The Associated Press
OKLAHOMA CITY, Okla. (AP) - Authorities in Oklahoma are watching closely as the U.S. Supreme Court considers a case that challenges the way a drug-sniffing dog was used during a traffic stop in Illinois.
The Supreme Court has heard oral arguments in the case in which Roy Caballes was stopped five years ago. An officer was writing him a warning until a dog sniffed out $250,000 worth of drugs in the car's trunk.
Attorneys for Caballes, contend police needed a reasonable suspicion that he was hiding drugs in his car to run a drug dog outside it.
Some in Oklahoma law enforcement fear that if the court limits the use of drug dogs it could lead to more unchecked drug trafficking in the state.
"Without the dog as a tool there's going to be a lot of people getting away," said Sgt. Matt Boley of the Goodwell Police Department, who, with his K-9 partner Demi, frequently patrol U.S. 54, a major drug trafficking route through the Panhandle.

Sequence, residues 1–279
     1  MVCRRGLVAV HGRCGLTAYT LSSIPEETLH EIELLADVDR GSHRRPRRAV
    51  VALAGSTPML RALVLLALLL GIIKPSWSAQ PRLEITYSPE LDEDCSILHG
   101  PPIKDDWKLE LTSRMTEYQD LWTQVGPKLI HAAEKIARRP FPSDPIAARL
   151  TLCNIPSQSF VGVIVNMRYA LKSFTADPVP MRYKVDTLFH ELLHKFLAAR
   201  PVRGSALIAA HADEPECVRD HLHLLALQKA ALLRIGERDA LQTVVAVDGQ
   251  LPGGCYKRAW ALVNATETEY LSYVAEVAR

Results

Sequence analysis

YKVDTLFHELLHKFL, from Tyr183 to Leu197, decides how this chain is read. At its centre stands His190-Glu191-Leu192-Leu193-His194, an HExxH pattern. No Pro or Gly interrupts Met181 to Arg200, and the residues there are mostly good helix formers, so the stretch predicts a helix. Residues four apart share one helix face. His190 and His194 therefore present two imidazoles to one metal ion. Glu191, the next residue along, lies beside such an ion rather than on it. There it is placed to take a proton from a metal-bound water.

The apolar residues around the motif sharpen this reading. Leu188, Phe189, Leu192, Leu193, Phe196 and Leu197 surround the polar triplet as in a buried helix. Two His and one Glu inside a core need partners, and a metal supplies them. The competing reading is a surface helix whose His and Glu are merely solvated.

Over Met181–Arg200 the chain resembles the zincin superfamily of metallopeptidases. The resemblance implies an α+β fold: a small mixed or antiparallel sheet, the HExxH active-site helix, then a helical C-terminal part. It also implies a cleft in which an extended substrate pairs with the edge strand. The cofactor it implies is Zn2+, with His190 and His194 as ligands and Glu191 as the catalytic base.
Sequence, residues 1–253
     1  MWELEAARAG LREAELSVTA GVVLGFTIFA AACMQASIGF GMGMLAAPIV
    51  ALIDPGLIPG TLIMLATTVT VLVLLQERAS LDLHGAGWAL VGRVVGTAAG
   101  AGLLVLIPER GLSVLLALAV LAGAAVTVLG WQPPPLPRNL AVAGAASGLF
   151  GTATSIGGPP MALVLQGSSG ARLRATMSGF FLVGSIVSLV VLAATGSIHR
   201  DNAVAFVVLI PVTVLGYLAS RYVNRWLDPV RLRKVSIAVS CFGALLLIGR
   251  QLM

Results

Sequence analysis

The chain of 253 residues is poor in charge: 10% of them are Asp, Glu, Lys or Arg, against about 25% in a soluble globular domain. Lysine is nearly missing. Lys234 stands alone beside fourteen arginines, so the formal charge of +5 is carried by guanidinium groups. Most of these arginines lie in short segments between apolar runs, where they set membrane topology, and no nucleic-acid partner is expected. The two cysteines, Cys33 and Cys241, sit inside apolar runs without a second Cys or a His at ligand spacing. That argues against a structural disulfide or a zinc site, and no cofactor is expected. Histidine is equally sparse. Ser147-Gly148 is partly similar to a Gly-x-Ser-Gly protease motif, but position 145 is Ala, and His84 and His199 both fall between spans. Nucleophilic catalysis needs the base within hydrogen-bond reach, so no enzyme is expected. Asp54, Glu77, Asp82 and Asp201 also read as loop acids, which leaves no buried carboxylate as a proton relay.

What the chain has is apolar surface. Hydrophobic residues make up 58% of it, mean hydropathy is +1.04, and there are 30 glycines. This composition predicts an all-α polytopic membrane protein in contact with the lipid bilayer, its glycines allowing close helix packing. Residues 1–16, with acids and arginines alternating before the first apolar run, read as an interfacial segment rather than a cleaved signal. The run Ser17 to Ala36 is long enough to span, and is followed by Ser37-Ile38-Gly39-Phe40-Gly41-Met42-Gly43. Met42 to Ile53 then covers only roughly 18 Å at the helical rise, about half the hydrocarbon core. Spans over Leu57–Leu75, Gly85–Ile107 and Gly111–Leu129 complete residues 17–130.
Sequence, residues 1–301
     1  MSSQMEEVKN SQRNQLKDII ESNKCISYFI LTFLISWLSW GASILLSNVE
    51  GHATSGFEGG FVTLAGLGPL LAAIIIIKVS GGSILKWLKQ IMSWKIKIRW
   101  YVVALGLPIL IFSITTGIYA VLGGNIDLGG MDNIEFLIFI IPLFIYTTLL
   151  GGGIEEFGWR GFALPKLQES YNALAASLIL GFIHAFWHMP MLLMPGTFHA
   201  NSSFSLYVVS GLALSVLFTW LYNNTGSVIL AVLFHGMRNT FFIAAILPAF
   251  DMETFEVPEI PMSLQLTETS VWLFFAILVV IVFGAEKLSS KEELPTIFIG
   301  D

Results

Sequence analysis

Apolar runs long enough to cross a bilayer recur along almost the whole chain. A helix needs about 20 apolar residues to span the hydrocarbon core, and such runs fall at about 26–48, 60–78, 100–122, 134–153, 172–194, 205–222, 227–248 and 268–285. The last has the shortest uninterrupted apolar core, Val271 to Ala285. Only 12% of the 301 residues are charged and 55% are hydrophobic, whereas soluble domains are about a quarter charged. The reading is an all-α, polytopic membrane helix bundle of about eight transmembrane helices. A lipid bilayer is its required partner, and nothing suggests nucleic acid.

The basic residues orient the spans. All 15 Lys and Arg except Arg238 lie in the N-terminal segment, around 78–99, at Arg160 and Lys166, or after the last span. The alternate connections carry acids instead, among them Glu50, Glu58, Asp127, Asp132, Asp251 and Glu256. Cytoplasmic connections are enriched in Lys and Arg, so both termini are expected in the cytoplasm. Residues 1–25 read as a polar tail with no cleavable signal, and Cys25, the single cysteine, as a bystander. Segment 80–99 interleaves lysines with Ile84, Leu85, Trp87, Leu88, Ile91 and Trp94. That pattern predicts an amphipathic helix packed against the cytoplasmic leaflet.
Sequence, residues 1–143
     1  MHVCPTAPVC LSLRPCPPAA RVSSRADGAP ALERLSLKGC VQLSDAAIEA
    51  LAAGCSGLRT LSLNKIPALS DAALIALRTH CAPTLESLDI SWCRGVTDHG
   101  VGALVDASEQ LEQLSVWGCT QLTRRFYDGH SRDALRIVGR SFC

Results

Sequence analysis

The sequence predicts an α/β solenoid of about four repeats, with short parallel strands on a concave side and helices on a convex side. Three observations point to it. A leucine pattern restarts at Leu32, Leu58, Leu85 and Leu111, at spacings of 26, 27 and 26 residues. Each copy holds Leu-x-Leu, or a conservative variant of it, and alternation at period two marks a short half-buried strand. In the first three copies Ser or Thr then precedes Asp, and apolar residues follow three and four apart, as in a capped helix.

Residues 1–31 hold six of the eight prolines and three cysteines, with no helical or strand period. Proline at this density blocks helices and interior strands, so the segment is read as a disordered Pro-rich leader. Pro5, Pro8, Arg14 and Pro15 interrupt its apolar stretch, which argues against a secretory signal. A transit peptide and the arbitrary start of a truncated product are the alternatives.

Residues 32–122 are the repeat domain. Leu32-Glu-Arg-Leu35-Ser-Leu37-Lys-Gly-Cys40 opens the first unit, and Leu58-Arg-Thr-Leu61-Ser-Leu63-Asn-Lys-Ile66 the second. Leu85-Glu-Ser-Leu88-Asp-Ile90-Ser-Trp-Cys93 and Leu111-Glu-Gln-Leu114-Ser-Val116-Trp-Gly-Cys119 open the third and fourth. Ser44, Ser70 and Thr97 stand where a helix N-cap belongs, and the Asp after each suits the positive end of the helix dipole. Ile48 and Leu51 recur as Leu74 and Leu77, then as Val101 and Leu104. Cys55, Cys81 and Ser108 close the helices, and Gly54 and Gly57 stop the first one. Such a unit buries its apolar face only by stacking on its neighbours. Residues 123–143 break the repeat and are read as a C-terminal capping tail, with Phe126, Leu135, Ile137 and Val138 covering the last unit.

The way Boley sees it - and he thinks the court will too - a dog has the right to be any where an officer is, he said.
Edmond Police Chief Bob Ricks, who formed a drug interdiction unit soon after he became chief, said a ruling against the use of dogs will seriously hurt officers' ability to detect drug traffickers.
The vast majority of drug seizures result from dogs' alerts, he said, other indicators, such as drivers who appear more nervous than usual, don't usually rise to the level of probable cause for searches.
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"The use of the dog would give you probable cause," Ricks said. "Historically, the Supreme Court has ruled that was not a search within the boundaries of the Fourth Amendment."